3 Essential Elements

If you have been in the web marketing circle for very long at all, then you probably already know just how important it is to select the right keywords for your website and your content. What you probably don’t know, however, is exactly how to find those keywords. It’s a lot simpler than you may believe, but you need to have the right tool for the job.

The tool that I’m talking about is, of course, a keyword research tool. Personally, I have chosen Jaaxy as my preferred keyword tool, and as we go through the 3 essential elements of keyword research below, I’m sure that you will quickly understand exactly why I like Jaaxy as much as I do.

1st Essential Element: Search Volume

When it comes to finding great keywords, the very first thing you need to know is whether or not anyone is actually searching for the keyword that you are thinking of using. You can determine this by looking at the “search volume” category in Jaaxy.

Search Volume gives you a pretty good idea of how many people are looking for information on the keyword that you are considering to target. You will want this to be at least 300 searches a month so that you can see some decent traffic coming to your website, so long as you are able to get on page 1 of the search results.

For example, let’s say that you have decided to start a fitness site and are looking for a great keyword related to treadmills. You may do a search for something like “best treadmill” and think you have instantly found a great keyword because it gets over 3000 searches a month.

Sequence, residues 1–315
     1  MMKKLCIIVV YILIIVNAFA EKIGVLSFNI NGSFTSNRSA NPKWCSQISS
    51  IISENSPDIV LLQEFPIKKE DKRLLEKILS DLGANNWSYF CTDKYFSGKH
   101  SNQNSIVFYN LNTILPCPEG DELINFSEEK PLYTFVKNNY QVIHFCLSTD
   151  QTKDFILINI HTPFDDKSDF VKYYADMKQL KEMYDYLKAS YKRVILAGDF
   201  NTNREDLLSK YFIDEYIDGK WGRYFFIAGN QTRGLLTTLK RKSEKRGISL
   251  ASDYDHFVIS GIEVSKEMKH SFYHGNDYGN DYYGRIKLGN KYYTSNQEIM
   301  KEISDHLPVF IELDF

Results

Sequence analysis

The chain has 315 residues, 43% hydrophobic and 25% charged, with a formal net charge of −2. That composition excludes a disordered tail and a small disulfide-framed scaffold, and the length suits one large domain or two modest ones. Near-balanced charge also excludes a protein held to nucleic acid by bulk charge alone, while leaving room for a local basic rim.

Unfortunately, while there are a lot of searches for that keyword, as we will discuss in the next element, there are also a lot of websites that are trying to rank for it. For this reason, you should avoid going after that keyword and instead opt for something such as “best treadmill for the money” which still receives a good amount of monthly searches, but there aren’t very many websites that are trying to rank for it.

2nd Essential Element: Competition Volume

This brings us to the second thing that you have to take into consideration when trying to find the best keywords to use. This is known as the competition volume, or if you’re using Jaaxy, the QSR – which is short for “Quoted Search Result”.

While there are a lot of great keywords out there that get thousands of searches every month, many of them are already very hard to rank for due to the number of existing websites that are already trying to rank for them. Thankfully, this doesn’t mean that it’s impossible to find quality keywords that you can rank for on the search engines. You just have to understand how much competition is often too much.

If you’re using Jaaxy to do your keyword research, you are going to want to always make certain that you are targeting keywords with a QSR of 300 or less. By doing this, you will give your content a much better opportunity of climbing to page 1 of the search results.

So, let’s take a moment to look at those treadmills again. The keyword “best treadmill” has a very high QSR of 348. This means that there are at least 348 sites that are actively trying to rank for the keyword.

On the other hand, while it didn’t have as many searches, the keyword “best treadmill for the money” has a much lower QSR of only 79. This means that there far fewer sites out there that are trying to land on page 1 of the search results.